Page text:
4. I agree that the article does wake us to our reconstruction by the digital; I met every one of their self-test questions for behavioral concern. Your work at the reference desk combined with digital publics is a draining experience, and I’m always impressed by how methodically you are able to do it. I also agree that reading longer works, fiction or not, does wire us differently than our daily lives demand. I’ve been saying for years how teaching longer fiction (novels/novellas) in English 102 provides understanding of narrative in a very different, sustaining way as compared to what else we read. Novels personalize language use through their interiorization. Digital writing makes language public—sometimes too public, hence one reason for overload. In considering this trade off, Jenkin’s comment on multitasking is both observant and scary when we realize that we will lose much of who we’ve been during this cultural shift. Still, not all of it is lost, and it needn’t be for you, as you say. Some people are reading longer works. This NPR story on the expected upcoming blockbusters is noteworthy, not for the books’ subject matter but because they’re both first-part trilogies and 800 and 400 pages long.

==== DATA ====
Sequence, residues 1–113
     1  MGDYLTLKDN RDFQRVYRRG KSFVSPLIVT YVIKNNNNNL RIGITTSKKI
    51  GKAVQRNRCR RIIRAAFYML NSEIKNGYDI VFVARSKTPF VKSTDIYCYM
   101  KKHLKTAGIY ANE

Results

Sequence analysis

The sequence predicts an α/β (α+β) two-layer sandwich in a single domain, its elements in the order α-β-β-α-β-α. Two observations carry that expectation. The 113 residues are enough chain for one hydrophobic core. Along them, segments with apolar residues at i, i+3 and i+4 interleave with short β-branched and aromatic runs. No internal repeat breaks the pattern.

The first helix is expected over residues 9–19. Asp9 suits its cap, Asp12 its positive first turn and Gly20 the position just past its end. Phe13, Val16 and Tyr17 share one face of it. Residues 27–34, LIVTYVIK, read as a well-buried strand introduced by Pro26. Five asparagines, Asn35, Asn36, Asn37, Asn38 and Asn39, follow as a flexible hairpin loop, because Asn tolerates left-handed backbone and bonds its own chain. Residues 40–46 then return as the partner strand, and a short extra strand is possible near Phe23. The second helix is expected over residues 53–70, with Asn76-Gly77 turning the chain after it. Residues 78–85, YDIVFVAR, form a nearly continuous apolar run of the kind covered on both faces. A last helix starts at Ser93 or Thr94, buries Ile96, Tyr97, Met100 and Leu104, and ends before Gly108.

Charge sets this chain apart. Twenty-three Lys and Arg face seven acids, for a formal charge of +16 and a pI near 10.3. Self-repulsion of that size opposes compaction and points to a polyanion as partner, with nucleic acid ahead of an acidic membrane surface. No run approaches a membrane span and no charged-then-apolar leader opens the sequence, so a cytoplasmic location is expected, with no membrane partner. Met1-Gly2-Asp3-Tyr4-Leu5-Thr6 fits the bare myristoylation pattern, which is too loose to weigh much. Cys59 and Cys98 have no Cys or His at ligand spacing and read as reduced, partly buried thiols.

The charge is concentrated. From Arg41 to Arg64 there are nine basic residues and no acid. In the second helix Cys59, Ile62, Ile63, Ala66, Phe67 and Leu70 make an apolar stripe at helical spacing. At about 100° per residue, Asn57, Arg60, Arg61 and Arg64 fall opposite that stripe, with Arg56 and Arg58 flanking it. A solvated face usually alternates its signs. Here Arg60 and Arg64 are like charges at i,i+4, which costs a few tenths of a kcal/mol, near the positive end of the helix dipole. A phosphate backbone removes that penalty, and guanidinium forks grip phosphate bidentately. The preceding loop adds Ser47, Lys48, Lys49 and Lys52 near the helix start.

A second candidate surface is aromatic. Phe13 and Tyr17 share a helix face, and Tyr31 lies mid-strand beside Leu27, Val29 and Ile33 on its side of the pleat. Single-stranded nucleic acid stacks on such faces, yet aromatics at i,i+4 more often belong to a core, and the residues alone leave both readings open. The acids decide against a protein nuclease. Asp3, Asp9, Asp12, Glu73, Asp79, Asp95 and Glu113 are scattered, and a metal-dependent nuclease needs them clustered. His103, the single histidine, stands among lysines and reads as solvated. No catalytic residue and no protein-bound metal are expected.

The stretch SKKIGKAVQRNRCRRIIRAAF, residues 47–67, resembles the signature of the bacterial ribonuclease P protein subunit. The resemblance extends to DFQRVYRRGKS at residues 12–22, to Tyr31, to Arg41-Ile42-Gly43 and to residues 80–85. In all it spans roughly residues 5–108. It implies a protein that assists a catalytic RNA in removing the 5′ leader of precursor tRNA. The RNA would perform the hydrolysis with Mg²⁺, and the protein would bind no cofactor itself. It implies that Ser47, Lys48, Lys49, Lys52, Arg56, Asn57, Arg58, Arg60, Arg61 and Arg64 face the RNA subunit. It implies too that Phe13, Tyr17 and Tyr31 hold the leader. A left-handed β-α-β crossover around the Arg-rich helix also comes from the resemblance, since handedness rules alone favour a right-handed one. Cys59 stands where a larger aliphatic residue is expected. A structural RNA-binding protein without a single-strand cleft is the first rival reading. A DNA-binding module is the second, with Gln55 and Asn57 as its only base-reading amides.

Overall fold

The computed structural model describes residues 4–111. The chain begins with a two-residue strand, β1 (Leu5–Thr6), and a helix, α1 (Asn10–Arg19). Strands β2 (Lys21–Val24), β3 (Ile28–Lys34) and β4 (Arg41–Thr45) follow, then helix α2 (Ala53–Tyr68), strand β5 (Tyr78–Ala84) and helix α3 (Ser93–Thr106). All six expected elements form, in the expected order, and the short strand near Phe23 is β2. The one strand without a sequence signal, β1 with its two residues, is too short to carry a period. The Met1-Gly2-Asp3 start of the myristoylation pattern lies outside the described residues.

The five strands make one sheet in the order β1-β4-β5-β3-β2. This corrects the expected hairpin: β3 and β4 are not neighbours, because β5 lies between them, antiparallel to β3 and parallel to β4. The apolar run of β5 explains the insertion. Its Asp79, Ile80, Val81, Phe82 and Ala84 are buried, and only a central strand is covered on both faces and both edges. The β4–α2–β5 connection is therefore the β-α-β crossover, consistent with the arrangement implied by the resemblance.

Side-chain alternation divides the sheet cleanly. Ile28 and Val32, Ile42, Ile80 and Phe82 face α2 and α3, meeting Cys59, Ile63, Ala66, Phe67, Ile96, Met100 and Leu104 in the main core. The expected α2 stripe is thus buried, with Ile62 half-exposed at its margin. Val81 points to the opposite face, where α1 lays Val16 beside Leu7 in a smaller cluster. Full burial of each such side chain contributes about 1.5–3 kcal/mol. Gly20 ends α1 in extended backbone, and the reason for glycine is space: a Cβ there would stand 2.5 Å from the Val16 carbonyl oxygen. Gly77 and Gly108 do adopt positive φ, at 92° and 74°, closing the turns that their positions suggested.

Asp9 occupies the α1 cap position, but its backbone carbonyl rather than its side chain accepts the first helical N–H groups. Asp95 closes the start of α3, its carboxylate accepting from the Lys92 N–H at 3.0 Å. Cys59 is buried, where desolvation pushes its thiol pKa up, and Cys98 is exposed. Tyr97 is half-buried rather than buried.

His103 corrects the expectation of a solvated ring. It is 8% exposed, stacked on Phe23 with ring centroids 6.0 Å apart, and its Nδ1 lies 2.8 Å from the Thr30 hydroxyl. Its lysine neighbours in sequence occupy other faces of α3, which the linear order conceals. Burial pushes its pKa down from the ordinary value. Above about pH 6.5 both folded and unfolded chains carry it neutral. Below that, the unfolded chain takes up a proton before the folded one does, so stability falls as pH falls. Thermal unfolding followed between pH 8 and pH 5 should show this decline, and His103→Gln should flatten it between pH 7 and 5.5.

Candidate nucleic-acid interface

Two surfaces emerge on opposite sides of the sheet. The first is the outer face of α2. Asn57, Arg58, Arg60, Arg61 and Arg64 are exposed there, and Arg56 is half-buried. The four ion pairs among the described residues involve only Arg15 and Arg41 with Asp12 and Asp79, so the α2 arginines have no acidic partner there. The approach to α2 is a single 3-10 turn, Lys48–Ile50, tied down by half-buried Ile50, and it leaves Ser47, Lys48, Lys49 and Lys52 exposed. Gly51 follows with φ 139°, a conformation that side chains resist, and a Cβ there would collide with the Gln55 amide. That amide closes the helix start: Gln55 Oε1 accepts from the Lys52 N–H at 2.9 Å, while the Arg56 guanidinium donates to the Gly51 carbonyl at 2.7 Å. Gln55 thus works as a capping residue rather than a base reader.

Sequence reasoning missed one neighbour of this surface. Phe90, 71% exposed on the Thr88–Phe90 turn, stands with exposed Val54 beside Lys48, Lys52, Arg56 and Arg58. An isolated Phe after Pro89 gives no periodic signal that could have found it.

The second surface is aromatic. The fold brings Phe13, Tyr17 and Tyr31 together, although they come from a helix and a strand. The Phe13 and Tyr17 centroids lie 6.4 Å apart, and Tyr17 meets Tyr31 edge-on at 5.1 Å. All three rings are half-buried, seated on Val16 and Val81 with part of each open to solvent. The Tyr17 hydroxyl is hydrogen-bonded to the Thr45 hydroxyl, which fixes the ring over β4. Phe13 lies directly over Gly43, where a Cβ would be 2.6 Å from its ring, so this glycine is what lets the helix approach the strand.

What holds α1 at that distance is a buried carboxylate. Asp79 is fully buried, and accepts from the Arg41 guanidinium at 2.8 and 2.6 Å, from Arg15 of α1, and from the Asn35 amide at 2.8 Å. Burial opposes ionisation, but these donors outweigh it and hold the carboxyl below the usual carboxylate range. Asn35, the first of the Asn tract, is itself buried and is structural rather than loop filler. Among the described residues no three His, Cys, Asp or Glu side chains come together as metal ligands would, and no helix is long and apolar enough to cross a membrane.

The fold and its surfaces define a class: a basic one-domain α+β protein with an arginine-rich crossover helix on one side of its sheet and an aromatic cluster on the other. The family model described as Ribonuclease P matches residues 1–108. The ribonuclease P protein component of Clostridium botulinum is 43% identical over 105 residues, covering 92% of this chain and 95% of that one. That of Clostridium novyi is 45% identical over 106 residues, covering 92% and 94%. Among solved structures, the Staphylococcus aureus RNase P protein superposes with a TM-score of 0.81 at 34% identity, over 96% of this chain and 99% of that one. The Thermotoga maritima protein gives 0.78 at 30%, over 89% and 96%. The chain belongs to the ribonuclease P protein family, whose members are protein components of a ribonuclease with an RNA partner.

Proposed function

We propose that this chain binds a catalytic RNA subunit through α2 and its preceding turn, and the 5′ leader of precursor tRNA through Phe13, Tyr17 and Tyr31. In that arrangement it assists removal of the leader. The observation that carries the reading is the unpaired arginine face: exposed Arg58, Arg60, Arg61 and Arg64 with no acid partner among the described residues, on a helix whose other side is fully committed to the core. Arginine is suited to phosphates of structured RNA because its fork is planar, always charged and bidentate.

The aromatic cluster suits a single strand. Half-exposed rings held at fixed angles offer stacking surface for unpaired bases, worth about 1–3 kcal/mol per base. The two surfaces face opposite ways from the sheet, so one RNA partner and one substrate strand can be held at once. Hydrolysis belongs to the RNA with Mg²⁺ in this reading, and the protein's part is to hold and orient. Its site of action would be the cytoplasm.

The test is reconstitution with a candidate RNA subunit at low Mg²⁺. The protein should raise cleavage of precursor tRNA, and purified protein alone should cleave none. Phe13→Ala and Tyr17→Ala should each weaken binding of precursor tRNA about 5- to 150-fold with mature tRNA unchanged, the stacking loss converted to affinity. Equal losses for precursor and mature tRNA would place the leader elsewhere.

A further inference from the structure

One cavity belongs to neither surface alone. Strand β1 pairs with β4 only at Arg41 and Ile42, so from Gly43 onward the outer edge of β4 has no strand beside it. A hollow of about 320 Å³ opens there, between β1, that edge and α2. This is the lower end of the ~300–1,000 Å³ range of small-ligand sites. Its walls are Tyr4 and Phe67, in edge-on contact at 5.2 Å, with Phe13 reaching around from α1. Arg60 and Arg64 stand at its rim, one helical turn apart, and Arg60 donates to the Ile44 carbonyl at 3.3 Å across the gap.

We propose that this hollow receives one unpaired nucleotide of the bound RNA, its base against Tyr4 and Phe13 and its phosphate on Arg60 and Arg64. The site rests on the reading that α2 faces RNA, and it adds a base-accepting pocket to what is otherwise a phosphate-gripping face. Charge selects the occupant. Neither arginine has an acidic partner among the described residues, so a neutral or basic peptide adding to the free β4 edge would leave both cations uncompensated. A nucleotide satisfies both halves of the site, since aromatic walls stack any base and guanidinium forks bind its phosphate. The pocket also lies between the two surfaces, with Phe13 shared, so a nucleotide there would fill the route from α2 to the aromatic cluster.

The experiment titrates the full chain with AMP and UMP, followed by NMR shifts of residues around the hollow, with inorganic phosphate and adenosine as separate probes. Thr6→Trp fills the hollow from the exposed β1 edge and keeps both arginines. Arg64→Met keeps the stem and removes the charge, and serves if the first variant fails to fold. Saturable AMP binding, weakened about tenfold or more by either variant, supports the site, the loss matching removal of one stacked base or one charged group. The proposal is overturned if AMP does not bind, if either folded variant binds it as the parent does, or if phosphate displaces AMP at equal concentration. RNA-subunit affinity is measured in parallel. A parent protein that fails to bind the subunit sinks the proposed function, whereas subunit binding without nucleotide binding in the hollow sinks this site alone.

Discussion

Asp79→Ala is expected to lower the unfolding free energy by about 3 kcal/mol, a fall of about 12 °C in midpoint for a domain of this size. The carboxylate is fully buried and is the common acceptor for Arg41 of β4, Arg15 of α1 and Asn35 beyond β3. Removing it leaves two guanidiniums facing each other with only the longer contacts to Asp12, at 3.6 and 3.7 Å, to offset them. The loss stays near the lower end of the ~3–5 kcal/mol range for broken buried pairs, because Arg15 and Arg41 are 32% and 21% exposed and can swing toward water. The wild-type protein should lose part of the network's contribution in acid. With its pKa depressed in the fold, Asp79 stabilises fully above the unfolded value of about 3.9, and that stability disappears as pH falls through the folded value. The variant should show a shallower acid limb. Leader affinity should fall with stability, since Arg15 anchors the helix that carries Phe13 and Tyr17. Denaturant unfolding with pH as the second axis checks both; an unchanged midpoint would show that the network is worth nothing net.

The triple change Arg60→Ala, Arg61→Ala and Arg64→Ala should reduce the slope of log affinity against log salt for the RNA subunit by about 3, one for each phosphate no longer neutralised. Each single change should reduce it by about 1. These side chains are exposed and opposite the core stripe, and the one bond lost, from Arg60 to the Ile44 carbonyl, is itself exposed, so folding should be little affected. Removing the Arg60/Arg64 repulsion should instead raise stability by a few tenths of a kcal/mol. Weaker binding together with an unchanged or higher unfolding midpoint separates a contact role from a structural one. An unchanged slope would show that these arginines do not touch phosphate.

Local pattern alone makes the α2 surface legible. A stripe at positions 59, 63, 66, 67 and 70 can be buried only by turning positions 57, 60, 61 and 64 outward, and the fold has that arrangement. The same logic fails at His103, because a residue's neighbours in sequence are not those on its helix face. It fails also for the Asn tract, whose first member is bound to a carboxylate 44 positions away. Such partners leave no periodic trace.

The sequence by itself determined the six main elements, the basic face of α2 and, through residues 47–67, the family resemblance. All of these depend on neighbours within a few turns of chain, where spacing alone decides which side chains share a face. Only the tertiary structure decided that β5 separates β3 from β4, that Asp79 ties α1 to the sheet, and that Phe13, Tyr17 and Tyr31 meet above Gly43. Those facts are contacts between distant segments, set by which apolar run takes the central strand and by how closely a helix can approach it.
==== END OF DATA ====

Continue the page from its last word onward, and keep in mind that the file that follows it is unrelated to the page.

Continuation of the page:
As I try to push through reading five books in the three days I have left of vacation, I’m with you in your concern about what we lose. I won’t be able to read these books as I like. Given the opportunities and interstices by the digital for expression/writing, I’m excited by our current practices, even if I don’t want to be controlled by them. And certainly, we should all want technology to work for us, not us for it.